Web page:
Women Are Replacing Old Breast Implants With New

Publication
Article
OncologyONCOLOGY Vol 13 No 12
Volume 13
Issue 12

Results of a study conducted by the American Society of Plastic and Reconstructive Surgeons (ASPRS) showed that 84% of women who have had their breast implants removed have replaced them with new implants. In 1998, 32,262 women with breast augmentation had their breast implants removed, and 27,320 of them opted for new implants.

Results of a study conducted by the American Society of Plastic and Reconstructive Surgeons (ASPRS) showed that 84% of women who have had their breast implants removed have replaced them with new implants. In 1998, 32,262 women with breast augmentation had their breast implants removed, and 27,320 of them opted for new implants.

Breast implant removals have increased 76% since 1992, with only 4% of patients having them removed due to their concern over the safety of breast implants. “The increase in breast implant removals most likely reflects implants that were inserted prior to 1992,” says ASPRS President Paul Schnur, MD. “Women are comfortable about the safety of their breast implants so as their implants age, we will continue to see more implant exchanges.”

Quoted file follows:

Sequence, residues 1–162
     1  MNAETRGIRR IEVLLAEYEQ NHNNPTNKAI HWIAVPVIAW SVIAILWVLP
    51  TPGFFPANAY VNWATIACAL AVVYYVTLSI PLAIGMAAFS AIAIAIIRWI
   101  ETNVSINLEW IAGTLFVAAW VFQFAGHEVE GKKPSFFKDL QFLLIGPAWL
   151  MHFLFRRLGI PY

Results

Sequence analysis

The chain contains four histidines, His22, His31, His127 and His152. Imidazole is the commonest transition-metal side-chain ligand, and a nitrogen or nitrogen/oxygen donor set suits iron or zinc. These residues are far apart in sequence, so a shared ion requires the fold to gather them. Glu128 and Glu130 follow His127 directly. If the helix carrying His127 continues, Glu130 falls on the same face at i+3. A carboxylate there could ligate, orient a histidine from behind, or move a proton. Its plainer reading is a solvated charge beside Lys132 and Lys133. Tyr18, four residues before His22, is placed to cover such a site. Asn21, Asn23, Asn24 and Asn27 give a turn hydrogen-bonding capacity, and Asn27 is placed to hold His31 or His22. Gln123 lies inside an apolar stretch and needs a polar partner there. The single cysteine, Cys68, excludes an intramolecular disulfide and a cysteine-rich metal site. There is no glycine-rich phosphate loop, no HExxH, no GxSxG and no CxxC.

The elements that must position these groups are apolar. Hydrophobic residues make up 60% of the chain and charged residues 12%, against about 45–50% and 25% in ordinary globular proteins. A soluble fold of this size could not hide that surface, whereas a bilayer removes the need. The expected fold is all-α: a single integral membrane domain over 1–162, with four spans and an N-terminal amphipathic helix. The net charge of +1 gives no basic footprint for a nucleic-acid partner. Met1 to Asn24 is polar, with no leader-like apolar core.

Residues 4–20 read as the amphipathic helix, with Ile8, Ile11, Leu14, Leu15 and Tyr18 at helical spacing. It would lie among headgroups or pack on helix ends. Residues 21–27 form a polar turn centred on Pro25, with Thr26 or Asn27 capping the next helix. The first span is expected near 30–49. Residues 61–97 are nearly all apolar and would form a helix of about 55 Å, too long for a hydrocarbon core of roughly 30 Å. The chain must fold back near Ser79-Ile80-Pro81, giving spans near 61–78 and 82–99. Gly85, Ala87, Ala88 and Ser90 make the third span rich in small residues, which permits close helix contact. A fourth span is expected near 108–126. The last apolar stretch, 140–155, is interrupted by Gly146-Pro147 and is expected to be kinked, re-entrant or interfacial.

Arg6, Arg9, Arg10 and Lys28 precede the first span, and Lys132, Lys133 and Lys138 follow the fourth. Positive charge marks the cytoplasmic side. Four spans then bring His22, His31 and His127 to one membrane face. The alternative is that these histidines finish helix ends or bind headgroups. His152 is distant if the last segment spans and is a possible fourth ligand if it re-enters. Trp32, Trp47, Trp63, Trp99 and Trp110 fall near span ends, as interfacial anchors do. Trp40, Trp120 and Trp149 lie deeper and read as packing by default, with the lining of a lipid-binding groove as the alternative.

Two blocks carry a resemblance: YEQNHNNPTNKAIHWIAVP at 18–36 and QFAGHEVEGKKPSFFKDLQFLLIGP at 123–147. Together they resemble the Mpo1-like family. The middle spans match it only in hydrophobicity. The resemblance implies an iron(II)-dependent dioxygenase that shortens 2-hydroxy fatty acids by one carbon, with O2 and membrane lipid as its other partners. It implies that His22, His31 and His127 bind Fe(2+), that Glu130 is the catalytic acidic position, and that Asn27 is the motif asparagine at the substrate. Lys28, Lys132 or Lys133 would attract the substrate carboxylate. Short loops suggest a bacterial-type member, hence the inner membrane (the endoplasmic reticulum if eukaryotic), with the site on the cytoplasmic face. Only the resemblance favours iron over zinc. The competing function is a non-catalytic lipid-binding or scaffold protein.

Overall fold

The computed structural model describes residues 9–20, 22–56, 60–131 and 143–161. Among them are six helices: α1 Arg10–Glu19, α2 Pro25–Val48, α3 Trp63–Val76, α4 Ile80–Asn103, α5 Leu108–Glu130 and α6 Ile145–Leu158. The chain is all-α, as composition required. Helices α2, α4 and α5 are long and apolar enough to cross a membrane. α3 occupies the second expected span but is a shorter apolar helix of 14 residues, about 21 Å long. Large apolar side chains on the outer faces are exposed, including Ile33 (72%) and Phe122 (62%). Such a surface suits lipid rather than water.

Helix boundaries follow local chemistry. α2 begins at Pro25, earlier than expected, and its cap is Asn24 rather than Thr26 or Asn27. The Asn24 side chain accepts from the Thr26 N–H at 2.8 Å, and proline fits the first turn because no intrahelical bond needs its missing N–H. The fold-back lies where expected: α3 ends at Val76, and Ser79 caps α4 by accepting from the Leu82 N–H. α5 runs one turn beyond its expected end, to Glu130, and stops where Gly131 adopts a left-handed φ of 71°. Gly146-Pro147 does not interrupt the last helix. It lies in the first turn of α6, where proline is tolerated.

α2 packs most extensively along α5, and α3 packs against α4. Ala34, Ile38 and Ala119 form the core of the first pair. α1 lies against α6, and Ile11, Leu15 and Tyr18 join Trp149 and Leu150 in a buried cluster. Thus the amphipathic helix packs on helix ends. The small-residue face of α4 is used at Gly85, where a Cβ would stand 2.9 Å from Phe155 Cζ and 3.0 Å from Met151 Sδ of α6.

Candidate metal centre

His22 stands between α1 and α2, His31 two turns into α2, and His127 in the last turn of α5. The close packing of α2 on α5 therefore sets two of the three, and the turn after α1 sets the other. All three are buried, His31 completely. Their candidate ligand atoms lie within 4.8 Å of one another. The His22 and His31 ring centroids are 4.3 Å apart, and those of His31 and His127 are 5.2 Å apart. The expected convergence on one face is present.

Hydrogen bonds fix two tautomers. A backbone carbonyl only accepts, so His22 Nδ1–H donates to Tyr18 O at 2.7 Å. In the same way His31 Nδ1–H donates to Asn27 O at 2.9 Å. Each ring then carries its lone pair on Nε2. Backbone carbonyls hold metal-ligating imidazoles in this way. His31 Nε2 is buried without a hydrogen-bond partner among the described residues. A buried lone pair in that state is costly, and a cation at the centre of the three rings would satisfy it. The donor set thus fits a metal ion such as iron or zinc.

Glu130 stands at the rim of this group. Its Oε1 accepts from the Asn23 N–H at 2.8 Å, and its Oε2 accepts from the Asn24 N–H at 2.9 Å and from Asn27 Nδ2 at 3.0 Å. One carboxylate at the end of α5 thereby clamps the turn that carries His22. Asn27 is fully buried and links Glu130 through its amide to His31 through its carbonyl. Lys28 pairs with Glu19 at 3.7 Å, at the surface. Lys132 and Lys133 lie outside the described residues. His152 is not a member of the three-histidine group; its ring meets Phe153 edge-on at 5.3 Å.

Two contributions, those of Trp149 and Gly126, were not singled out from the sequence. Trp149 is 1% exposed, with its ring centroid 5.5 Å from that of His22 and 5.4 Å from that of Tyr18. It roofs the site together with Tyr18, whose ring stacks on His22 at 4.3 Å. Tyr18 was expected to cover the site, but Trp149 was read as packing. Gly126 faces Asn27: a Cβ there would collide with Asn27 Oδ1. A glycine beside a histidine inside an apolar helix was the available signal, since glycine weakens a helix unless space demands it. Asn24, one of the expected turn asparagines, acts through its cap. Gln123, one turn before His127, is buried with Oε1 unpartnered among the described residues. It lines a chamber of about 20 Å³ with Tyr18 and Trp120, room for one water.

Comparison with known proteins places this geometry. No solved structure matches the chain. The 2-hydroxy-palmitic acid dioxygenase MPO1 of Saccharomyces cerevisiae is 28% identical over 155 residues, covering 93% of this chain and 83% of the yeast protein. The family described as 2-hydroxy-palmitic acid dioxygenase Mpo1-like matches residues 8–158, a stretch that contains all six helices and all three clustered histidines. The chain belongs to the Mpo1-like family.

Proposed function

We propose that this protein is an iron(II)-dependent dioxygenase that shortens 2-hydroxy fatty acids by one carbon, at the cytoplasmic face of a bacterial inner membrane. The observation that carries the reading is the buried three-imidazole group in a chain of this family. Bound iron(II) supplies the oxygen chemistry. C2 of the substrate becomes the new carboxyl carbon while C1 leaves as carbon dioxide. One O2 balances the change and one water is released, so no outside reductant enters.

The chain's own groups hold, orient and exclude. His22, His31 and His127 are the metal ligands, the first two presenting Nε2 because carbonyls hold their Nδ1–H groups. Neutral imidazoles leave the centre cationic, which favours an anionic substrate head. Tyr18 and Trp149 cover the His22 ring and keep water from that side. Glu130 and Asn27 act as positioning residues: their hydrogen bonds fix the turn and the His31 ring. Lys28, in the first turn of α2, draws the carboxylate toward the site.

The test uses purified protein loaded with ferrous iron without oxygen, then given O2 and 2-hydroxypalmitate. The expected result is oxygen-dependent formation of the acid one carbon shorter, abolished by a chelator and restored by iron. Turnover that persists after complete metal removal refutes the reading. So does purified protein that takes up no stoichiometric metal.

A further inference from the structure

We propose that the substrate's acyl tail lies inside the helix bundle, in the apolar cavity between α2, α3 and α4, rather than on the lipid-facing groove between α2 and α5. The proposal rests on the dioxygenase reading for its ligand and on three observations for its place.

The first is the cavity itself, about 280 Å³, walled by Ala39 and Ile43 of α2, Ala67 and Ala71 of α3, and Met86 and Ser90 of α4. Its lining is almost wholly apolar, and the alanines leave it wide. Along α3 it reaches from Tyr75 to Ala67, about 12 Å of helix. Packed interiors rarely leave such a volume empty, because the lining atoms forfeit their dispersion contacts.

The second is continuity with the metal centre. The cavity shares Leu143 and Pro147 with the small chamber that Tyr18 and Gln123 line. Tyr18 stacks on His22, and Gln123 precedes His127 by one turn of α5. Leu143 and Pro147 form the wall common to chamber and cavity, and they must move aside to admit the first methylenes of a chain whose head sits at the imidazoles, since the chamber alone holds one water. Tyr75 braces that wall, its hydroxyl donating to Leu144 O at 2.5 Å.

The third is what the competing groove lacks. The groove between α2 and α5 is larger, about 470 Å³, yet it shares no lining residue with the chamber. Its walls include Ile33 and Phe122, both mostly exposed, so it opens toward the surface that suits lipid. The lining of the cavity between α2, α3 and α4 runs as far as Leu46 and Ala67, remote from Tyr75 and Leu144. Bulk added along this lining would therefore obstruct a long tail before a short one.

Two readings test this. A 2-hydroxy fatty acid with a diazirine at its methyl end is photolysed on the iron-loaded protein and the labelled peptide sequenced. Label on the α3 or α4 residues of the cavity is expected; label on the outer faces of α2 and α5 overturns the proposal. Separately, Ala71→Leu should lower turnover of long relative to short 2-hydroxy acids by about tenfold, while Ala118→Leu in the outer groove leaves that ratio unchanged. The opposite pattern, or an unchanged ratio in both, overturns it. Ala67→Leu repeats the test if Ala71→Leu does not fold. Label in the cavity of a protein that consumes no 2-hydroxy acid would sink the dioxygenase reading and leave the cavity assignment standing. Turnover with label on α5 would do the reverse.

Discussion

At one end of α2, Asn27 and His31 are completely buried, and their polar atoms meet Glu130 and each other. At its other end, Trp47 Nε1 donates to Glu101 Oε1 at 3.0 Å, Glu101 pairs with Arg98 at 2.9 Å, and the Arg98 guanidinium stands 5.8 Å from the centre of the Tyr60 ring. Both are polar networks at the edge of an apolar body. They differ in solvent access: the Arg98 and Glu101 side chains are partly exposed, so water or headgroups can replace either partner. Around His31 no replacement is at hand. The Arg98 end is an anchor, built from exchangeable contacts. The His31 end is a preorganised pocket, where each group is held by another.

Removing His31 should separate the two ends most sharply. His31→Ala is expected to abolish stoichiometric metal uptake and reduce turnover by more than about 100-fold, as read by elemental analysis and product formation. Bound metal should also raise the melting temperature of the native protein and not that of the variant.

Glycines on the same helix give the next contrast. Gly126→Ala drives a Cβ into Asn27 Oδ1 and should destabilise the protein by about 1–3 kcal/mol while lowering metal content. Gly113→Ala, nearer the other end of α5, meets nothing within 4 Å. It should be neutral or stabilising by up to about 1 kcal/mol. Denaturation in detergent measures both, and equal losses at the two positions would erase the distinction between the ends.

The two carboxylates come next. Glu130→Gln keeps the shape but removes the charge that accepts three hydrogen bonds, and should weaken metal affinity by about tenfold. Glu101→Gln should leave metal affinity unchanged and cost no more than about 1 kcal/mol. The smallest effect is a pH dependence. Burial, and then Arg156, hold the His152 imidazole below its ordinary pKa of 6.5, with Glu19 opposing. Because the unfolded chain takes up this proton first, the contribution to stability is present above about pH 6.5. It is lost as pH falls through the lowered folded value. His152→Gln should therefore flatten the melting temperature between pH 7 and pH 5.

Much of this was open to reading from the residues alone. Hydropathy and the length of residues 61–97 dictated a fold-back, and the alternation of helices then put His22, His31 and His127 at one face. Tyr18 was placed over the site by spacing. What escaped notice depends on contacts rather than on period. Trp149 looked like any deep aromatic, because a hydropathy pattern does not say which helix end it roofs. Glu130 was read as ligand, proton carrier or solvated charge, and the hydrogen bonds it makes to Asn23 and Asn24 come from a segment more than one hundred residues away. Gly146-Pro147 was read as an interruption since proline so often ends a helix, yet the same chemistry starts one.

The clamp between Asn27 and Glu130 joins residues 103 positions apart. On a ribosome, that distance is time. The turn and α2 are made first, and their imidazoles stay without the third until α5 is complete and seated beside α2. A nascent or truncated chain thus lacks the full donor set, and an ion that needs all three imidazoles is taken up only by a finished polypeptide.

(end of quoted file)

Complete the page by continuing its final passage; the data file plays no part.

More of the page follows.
Currently, most women receive implants consisting of silicone rubber shells that are filled with sterile saltwater. In this study, 93% of implants were removed due to physical symptoms, such as signs of rupture or capsular contracture. “If a saline implant leaks or ruptures, the saltwater is harmlessly absorbed by the body and the implant is removed and replaced,” says Dr. Schnur.

Other reasons for removal of the implants included capsular contracture (ie, a hardening of the breast due to tightening of the scar or capsule around the implant). This study also found that 53% of patients whose breast implants were removed required removal or scoring of scar tissue.

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